« on: October 01, 2007, 14:45:43 »
jeffc280sl
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Thinking about what Naj said and after doing some reading and I've decided to recheck the linkage first since that's a good possibility and the easiest.  Previously my shifter was located to the very rear of the adjustment plate in the tunnel so if any adjustment were needed there would be no place to go.  I've decided to shorten the the support bars and shifter rod by 1/4 inch which should bring me in the middle of the shifter plate adjustment. I plan to install the shifter rods but leave the 4 shifter base bolts loose.  Next I plan to install but not tighten the intermediate drive shaft and transmission mount.  Once I get the flex ring bolted in place properly underneath I will lower the car to operating position.  At this point the engine and transmission will have "settled" into place.  I plan to make sure the drive shaft rotates freely and then go back and tighten the transmission mount and intermediate shaft.  This will be followed by tightening the shifter base bolts.  

Here is a pic of the transmission full of fluid with the top off.

Download Attachment: transinternal.JPG
83.19 KB

Jeff C.
1970 280SL 4-speed
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Reply #5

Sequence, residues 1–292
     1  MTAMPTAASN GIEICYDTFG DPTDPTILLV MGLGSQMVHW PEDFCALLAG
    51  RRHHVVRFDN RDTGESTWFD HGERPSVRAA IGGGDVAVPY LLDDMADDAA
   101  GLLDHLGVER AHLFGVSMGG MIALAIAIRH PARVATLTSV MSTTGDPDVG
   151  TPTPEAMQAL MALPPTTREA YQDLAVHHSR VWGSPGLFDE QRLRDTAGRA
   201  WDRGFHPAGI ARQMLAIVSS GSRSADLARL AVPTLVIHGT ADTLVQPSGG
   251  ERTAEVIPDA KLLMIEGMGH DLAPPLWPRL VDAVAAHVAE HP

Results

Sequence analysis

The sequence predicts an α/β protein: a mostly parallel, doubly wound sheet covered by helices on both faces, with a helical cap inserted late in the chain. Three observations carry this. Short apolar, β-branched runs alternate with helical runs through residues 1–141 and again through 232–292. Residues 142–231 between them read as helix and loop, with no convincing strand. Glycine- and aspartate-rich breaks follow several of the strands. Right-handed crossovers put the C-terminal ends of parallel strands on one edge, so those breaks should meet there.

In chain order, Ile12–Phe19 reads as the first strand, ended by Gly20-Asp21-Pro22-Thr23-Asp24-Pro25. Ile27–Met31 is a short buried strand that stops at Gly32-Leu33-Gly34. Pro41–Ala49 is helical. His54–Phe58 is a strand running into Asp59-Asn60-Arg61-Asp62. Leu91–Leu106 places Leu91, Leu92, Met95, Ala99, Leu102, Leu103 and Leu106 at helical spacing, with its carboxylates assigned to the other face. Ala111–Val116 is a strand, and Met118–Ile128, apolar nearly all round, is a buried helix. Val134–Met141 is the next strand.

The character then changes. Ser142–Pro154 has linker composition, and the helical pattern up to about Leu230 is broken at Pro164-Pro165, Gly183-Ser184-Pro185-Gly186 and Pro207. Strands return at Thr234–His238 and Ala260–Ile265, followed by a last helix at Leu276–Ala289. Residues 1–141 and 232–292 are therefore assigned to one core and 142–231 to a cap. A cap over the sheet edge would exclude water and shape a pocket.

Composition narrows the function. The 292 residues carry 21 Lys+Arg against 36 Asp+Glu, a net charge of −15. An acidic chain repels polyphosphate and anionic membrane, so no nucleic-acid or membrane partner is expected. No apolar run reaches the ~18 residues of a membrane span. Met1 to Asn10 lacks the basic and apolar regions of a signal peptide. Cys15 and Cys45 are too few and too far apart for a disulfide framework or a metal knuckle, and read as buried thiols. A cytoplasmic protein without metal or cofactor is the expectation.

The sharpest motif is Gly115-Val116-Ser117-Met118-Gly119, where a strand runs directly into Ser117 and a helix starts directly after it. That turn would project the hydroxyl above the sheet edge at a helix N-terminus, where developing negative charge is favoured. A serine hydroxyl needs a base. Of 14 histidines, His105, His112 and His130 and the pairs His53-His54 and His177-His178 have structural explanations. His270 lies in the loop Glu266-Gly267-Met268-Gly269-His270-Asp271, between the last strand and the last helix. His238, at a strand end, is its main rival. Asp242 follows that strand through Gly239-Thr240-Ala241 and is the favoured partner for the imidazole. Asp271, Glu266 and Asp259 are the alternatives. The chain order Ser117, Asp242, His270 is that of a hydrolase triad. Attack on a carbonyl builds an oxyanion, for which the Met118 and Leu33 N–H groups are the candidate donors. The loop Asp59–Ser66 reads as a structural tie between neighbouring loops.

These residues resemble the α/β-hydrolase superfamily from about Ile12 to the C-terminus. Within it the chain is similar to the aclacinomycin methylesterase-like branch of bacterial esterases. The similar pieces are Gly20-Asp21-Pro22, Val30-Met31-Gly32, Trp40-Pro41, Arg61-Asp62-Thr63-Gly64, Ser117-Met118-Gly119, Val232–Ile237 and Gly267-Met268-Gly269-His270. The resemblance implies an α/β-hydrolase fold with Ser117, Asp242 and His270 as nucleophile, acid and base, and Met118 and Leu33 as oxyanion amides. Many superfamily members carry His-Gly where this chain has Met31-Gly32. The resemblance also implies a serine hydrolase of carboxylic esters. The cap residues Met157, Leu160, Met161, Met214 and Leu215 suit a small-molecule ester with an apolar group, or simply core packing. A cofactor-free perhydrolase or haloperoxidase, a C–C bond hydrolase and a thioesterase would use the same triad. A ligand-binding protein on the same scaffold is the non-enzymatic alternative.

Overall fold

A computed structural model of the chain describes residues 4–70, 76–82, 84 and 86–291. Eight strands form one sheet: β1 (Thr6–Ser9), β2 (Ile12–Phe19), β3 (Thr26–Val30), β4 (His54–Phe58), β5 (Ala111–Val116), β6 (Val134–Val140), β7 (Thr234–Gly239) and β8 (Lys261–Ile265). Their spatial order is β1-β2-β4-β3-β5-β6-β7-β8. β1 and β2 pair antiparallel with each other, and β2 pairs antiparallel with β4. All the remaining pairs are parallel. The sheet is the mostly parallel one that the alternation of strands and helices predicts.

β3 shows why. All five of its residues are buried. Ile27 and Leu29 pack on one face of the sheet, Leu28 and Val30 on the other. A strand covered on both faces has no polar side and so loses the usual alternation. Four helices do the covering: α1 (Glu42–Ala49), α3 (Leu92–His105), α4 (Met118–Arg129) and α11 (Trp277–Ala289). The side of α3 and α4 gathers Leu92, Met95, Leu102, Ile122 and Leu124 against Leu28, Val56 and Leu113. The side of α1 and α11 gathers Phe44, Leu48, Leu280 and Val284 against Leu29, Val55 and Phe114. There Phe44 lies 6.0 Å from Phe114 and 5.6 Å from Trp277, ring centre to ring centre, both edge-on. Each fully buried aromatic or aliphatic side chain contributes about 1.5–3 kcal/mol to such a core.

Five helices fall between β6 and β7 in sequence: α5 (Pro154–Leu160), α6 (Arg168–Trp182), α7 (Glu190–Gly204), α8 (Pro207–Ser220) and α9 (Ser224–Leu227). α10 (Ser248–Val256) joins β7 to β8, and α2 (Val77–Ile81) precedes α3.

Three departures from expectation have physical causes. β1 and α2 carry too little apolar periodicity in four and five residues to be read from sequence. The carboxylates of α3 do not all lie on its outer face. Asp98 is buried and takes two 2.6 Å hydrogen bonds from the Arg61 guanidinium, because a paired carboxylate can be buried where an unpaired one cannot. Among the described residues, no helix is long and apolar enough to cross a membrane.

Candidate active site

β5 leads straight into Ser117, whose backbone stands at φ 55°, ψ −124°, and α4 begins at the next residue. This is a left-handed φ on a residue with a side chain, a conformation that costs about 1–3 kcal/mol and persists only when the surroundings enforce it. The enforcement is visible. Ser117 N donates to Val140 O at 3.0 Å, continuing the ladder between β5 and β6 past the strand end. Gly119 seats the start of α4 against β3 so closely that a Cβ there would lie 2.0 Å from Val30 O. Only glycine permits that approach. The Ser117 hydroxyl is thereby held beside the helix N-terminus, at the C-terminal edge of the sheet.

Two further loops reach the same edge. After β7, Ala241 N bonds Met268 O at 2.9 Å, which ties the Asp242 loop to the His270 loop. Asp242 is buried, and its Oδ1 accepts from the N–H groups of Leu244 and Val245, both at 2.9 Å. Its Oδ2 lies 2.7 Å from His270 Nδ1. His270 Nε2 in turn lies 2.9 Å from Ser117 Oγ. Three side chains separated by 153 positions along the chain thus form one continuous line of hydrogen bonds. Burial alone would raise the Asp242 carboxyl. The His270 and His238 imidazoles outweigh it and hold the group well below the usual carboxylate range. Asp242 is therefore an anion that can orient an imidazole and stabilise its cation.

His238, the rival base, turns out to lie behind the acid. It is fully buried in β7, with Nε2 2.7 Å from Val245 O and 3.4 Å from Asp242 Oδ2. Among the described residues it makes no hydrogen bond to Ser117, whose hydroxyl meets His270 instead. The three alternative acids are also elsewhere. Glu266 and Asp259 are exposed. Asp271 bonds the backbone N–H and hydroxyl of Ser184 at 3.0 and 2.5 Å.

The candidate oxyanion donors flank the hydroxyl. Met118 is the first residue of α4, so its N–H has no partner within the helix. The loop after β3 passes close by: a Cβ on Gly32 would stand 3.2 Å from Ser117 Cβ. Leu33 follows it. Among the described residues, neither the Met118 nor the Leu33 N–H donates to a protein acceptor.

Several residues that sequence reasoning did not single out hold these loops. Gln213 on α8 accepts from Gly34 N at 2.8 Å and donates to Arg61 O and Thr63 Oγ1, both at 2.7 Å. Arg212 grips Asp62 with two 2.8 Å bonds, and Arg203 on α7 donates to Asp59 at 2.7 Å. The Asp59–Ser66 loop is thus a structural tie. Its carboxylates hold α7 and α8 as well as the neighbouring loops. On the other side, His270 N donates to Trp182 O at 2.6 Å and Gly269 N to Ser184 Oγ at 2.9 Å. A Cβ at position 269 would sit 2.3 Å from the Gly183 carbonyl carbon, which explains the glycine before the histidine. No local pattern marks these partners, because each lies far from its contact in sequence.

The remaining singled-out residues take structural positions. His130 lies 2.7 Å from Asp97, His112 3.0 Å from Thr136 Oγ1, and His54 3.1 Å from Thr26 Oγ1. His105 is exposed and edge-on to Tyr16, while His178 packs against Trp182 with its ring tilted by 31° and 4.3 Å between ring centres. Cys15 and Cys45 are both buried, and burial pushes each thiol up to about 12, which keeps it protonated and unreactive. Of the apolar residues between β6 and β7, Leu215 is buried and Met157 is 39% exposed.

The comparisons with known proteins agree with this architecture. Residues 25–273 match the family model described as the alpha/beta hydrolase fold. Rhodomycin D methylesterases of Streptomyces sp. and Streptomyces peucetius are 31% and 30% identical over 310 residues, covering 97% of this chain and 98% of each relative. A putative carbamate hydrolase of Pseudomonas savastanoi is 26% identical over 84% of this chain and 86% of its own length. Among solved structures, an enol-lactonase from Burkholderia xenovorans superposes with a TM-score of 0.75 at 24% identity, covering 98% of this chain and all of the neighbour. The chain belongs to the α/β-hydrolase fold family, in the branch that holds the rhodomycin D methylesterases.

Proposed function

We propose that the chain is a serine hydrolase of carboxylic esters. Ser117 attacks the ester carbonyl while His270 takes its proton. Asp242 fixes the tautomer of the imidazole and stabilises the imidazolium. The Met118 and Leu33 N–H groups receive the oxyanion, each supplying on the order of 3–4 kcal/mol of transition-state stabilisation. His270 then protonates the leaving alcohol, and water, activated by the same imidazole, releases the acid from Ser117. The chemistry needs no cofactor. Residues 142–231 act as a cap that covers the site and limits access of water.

« on: October 02, 2007, 08:11:38 »
Naj
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quote:
Originally posted by jeffc280sl

 Previously my shifter was located to the very rear of the adjustment plate in the tunnel so if any adjustment were needed there would be no place to go.  I've decided to shorten the the support bars and shifter rod by 1/4 inch which should bring me in the middle of the shifter plate adjustment. I plan to install the shifter rods but leave the 4 shifter base bolts loose.  Next I plan to install but not tighten the intermediate drive shaft and transmission mount.  Once I get the flex ring bolted in place properly underneath I will lower the car to operating position.  At this point the engine and transmission will have "settled" into place.  I plan to make sure the drive shaft rotates freely and then go back and tighten the transmission mount and intermediate shaft.  This will be followed by tightening the shifter base bolts.  
Jeff C.
1970 280SL 4-speed



You can change the position of the vertical shifter by changing the position of the splined front of the horizontal link to the gearbox.
Take the top tunnel inspection cover off to see/adjust the splined joint.

naj
naj

68 280SL
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68 280SL